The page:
What a good mentor does for the student:
Has conversations with the student. No matter their level of education.
- Encourages frequent conversation with students and invites them to meetings in the lab, department lounges, or hallways after office hours
- Communicates with students at least once every three months
- Invites students to coffee dates or other events outside of the office for casual conversations
- For students, demystifies graduate school. Helps them understand the entrepreneur mystique
- Aids students in understanding the policies and procedures of the Graduate School and program guidelines
- Adapts academic discourse so that students are aware of the appropriate questions to ask and the meaning of specific language
- Clarifies ambiguous or unwritten program requirements for coursework, tests, research, and teaching
- Aids a student in comprehending the specifics of creating a committee and how to approach a thesis or dissertation
- Also, in comprehending the standards used to evaluate the caliber of their work at various stages of graduate studies
- Warns students in advance of potential hazards, particularly those that could have an impact on their funding position
Mentor to Student Protocols
Having a mentor who understood that academic procedures and protocol, including anything from how to choose classes to how to put up a panel for a conference, are unfamiliar ground for many people has been incredibly useful to me, says a student.
The simplest inquiries have been answered by my mentor without making me feel stupid for asking them.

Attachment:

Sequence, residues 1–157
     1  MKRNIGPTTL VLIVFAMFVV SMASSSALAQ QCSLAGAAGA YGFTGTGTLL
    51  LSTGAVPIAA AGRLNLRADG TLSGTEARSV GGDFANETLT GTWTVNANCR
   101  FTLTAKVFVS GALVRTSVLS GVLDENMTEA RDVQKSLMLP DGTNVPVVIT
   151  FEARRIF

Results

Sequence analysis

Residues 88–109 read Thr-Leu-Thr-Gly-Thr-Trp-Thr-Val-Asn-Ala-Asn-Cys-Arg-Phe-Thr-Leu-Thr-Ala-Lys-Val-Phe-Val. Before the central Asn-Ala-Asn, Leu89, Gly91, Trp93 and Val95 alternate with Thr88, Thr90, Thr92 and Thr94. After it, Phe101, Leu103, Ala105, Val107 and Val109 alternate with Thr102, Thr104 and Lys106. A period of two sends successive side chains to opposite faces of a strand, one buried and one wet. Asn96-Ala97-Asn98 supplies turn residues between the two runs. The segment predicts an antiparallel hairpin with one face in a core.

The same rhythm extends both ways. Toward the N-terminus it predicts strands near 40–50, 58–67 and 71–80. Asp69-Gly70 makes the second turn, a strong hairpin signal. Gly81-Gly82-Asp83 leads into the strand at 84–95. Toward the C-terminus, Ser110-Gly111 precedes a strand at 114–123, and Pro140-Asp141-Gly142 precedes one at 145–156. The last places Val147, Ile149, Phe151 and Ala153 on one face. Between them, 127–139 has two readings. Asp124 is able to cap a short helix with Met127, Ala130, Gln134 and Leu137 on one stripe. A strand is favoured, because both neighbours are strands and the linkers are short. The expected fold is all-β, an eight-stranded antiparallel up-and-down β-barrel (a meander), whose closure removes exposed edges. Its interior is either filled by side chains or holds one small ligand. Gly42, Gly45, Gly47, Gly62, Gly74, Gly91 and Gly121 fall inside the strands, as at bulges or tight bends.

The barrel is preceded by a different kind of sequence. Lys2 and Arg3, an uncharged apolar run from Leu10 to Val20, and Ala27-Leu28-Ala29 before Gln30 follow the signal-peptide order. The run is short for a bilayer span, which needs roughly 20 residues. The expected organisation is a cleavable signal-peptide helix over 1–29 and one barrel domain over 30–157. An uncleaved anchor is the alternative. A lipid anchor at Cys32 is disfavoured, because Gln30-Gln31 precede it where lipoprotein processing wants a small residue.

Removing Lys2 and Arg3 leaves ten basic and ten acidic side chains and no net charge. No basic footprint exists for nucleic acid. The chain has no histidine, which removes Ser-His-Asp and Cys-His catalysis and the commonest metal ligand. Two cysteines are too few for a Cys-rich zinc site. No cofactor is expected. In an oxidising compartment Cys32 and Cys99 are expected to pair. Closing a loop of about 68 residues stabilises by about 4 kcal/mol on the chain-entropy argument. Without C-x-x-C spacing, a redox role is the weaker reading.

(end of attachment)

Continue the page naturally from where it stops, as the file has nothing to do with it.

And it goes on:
- Input that is helpful and encouraging
- Gives students constructive criticism of their work in a timely manner, keeping in mind that giving feedback late can make students feel insecure and impede their growth.
- Is as detailed while praising others and when criticizing them
- The mentees advance thanks to the mentor’s strict criteria
- Does not assume a lack of dedication on the part of a student if they fall behind in their work, but rather attempts to figure out what’s going on with them and offers assistance.
- Knows the advantages of early intervention and responds speedily to any queries concerning a student’s capacity to get a degree
Encouragement to Student
As difficult as it was, without receiving harsh, if fair, criticism delivered in a caring manner, I would not have produced the dissertation that I did. It took several versions before he believed I had started to build a compelling argument.
All of us graduate students need honest counsel delivered as gently as possible.
- Promotes the expression of ideas by students at all stages of development
- Encourages pupils to experiment with different methods and to develop their skills
- Teaches pupils that making errors helps them learn more
- Shares unsuccessful work experiences with the audience and the lessons that can be drawn from them.
- Knows that many students worry about getting into graduate school, and helps them realize that experienced professionals also worry about this kind of thing
- Teaches pupils how to divide large projects into smaller, more doable jobs
- Mentorship entails much more than a single discussion about your future ambitions for employment or a trip to a professor’s house.
- It is the mentor’s continual involvement in the professional development of a student as well as their ongoing support and encouragement of their academic achievements.